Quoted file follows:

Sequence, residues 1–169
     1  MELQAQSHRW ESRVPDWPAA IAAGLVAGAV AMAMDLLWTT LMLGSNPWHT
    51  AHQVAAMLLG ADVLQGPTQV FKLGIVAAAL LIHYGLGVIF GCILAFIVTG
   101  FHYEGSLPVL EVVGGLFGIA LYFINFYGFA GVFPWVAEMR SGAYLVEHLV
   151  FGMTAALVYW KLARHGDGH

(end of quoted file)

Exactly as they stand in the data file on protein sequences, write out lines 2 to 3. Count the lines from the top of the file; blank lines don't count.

     1  MELQAQSHRW ESRVPDWPAA IAAGLVAGAV AMAMDLLWTT LMLGSNPWHT
    51  AHQVAAMLLG ADVLQGPTQV FKLGIVAAAL LIHYGLGVIF GCILAFIVTG